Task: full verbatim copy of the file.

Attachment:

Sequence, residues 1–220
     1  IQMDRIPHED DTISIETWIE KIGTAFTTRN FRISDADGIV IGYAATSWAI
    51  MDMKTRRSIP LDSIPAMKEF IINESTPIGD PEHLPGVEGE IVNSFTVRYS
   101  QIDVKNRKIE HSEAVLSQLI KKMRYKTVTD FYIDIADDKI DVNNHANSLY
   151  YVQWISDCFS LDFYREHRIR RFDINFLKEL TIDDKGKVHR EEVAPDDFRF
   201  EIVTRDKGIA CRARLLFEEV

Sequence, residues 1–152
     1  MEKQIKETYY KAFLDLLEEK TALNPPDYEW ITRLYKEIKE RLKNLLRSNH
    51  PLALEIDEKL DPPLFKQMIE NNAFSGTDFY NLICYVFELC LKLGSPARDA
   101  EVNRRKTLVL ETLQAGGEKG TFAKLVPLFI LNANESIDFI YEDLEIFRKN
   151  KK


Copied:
Sequence, residues 1–220
     1  IQMDRIPHED DTISIETWIE KIGTAFTTRN FRISDADGIV IGYAATSWAI
    51  MDMKTRRSIP LDSIPAMKEF IINESTPIGD PEHLPGVEGE IVNSFTVRYS
   101  QIDVKNRKIE HSEAVLSQLI KKMRYKTVTD FYIDIADDKI DVNNHANSLY
   151  YVQWISDCFS LDFYREHRIR RFDINFLKEL TIDDKGKVHR EEVAPDDFRF
   201  EIVTRDKGIA CRARLLFEEV

Sequence, residues 1–152
     1  MEKQIKETYY KAFLDLLEEK TALNPPDYEW ITRLYKEIKE RLKNLLRSNH
    51  PLALEIDEKL DPPLFKQMIE NNAFSGTDFY NLICYVFELC LKLGSPARDA
   101  EVNRRKTLVL ETLQAGGEKG TFAKLVPLFI LNANESIDFI YEDLEIFRKN
   151  KK